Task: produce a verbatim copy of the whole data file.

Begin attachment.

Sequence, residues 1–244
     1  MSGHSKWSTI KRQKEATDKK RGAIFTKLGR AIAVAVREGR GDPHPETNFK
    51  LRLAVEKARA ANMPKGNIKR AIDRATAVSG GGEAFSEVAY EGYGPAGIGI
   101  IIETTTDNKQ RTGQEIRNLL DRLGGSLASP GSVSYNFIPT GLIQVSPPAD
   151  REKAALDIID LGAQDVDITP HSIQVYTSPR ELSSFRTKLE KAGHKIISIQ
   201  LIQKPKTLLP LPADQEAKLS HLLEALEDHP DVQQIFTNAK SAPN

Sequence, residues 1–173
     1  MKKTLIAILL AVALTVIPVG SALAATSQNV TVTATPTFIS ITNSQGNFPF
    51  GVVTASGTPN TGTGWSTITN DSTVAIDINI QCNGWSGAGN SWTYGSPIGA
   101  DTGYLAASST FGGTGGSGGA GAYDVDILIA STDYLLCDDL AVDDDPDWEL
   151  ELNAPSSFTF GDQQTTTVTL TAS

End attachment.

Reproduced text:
Sequence, residues 1–244
     1  MSGHSKWSTI KRQKEATDKK RGAIFTKLGR AIAVAVREGR GDPHPETNFK
    51  LRLAVEKARA ANMPKGNIKR AIDRATAVSG GGEAFSEVAY EGYGPAGIGI
   101  IIETTTDNKQ RTGQEIRNLL DRLGGSLASP GSVSYNFIPT GLIQVSPPAD
   151  REKAALDIID LGAQDVDITP HSIQVYTSPR ELSSFRTKLE KAGHKIISIQ
   201  LIQKPKTLLP LPADQEAKLS HLLEALEDHP DVQQIFTNAK SAPN

Sequence, residues 1–173
     1  MKKTLIAILL AVALTVIPVG SALAATSQNV TVTATPTFIS ITNSQGNFPF
    51  GVVTASGTPN TGTGWSTITN DSTVAIDINI QCNGWSGAGN SWTYGSPIGA
   101  DTGYLAASST FGGTGGSGGA GAYDVDILIA STDYLLCDDL AVDDDPDWEL
   151  ELNAPSSFTF GDQQTTTVTL TAS